The San Bernardino County and Riverside County boards of supervisors have joined forces to create the Inland Empire Complete Count Committee, a leadership body that draws on representatives from the nonprofit, government, education, business and philanthropic sectors to focus energy and leverage various resources toward ensuring a complete and accurate count in our region. Why? Because, Together, We Count.
Serving as the Clerk of the Board of Supervisors for nearly 10 years, Laura Welch retires tomorrow, Aug. 2, after more than 31 years of service to the county and its residents. Lynna Monell, a 23-year county employee who served as Chief Deputy Clerk of the Board from 2010 until Ms. Welch’s retirement, has been appointed by the Board of Supervisors to succeed Ms. Welch as Clerk of the Board.
With 13 staff positions and an annual budget of $2.2. million, the Clerk of the Board of Supervisors prepares and maintains records of actions taken by the Board of Supervisors, oversees membership of the county’s boards, commissions and committees, licenses businesses operating in the county unincorporated areas, and facilitates the filing and hearing of appeals of assessed property valuations.
Ms. Welch was honored by the Board of Supervisors during its July 23 meeting. She received the County Public Service Recognition Award for Excellence in 1994 and 2007, and served as president of the California Clerk of the Board of Supervisors Association in 2014. Ms. Welch was instrumental in the implementation of multiple computer systems within the clerk’s office, including SIRE, the prior agenda management system; Granicus, the county’s meeting streaming system; and most recently Legistar, the new electronic agenda management system, which streamlined the board agenda item submission and approval process. Prior to her service with the county, Ms. Welch served in the U.S. Army, rising to the rank of sergeant.
Ms. Monell holds a master’s degree in public administartion, organizational leadership from National University and a bachelor’s degree in psychology from Cal State San Bernardino. She is a member of the California Clerk of the Board of Supervisors Association and the California Association of Clerks and Elections Officials. She has been with the Clerk of the Board’s office since 2006.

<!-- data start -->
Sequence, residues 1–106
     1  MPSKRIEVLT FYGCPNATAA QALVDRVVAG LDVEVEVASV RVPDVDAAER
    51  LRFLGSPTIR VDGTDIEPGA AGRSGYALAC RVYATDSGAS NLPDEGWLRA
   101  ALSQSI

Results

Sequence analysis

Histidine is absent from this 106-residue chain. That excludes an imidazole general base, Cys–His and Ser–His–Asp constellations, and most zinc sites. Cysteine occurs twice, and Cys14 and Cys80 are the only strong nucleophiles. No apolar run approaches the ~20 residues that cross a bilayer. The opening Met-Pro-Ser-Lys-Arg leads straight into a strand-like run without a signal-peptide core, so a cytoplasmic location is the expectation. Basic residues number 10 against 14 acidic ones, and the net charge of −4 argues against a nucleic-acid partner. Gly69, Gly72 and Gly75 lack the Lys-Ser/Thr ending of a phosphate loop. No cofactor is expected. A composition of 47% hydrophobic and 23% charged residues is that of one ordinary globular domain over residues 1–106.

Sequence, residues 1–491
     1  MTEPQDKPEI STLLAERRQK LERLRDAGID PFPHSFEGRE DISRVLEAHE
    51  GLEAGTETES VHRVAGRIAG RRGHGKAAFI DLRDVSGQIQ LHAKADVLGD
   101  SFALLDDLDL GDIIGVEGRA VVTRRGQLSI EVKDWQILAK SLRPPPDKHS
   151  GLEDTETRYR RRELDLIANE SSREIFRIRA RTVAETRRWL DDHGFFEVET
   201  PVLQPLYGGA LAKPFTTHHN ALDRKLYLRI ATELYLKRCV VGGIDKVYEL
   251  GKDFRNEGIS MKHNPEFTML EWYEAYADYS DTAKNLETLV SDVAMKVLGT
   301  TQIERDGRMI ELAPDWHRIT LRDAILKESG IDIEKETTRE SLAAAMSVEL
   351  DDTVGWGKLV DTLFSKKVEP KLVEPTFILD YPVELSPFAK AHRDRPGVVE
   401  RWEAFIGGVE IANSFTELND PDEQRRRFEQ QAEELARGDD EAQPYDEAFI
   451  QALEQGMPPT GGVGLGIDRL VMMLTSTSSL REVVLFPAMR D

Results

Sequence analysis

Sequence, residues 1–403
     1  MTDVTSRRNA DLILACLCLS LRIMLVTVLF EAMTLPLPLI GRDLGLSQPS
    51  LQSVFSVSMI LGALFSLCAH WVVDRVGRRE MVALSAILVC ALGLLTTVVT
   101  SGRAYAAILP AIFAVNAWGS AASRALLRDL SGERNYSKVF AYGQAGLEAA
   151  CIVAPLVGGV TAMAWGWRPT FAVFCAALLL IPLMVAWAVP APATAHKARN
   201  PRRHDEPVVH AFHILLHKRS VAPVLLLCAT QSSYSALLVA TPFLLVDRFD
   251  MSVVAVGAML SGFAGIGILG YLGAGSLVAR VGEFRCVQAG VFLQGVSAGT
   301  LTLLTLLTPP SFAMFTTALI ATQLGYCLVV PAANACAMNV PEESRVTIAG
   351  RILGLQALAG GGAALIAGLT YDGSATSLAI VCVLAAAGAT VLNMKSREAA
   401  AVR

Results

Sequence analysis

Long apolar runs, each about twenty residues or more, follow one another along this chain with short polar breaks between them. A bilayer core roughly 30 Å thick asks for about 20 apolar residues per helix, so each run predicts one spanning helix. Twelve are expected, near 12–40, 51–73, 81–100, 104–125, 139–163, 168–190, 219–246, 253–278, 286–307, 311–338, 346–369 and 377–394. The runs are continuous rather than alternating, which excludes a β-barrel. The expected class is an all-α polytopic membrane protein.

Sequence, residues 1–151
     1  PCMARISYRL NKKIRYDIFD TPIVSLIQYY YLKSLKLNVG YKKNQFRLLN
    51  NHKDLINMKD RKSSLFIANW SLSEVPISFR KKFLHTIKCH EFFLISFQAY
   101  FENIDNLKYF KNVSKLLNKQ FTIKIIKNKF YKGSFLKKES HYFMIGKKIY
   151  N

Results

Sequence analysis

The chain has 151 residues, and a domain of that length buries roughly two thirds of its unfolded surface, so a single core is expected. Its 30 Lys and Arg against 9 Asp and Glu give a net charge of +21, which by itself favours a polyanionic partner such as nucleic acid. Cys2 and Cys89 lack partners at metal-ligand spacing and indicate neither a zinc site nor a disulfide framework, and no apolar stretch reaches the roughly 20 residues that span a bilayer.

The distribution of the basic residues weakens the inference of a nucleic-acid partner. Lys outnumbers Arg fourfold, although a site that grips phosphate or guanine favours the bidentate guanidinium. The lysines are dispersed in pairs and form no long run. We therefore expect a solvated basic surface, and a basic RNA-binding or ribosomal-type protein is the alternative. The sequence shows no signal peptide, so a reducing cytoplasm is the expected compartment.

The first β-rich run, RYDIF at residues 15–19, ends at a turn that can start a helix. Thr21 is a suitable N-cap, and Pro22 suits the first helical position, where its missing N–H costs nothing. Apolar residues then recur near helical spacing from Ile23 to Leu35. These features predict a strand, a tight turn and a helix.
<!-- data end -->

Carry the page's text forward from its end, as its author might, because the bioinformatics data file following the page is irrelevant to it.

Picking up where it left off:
The County will post daily updates and information here. Residents of Trona and other San Bernardino County communities impacted by the July 4 and 5 earthquakes can have questions answered by calling toll-free 1(877) 410-8829
Monday, August 26, 2019
The Small Business Administration will be closing its Trona Disaster Loan Outreach Center at 6 p.m. on Thursday, Aug. 29. The center is at 13207 Jones St. in Trona and is open 9 a.m. to 6 p.m. through Thursday. For more information, visit https://www.sba.gov/offices/disaster/dfocw/resources/1647366
Wednesday, August 21, 2019
Cal OES continues to provide information and resources to people affected by the July 4 and 5 earthquakes in Trona. Their blog item with information can be viewed at the following link: http://www.oesnews.com/where-to-go-for-california-earthquake-assistance/
Tuesday, August 20, 2019
The USDA has confirmed Trona is an eligible rural area for the Home Repair Loan and Grant Program for those affected by the July 4 and 5 earthquakes. Click here for more information on the assistance available.
Wednesday, August 7, 2019
- The U.S. Small Business Administration is making low-interest federal disaster loans available to businesses and residents affected by the July 4 and 5 earthquakes in Trona. SBA will be in Trona, 13207 Jones St. beginning 9 a.m. Friday and will remain open Monday through Friday, 9 a.m. to 6 p.m.
Applicants may apply online, receive additional disaster assistance information and download applications at disasterloan.sba.gov/ela. Applicants may also call SBA’s Customer Service Center at (800) 659-2955 or email email@example.com for more information.
Individuals who are deaf or hard of hearing may call (800) 877-8339. Completed applications should be mailed to U.S. Small Business Administration, Processing and Disbursement Center, 14925 Kingsport Road, Fort Worth, TX 76155.
Thursday, August 1, 2019
- Because of low demand, starting Friday, dumpster service at the Trona Library and in Argus across from the Shell Station will be discontinued. Residents are encouraged to take their waste to the Trona Transfer Station located on 13177 Trona Dump Road. The transfer station will be open Tuesday through Saturday from 8 a.m. to 4:30 p.m. The Transfer station is now accepting clean construction and demolition materials such as concrete, brick, block and lumber. For questions please call the Solid Waste Management Division at (909) 386-8701.
Wednesday, July 31, 2019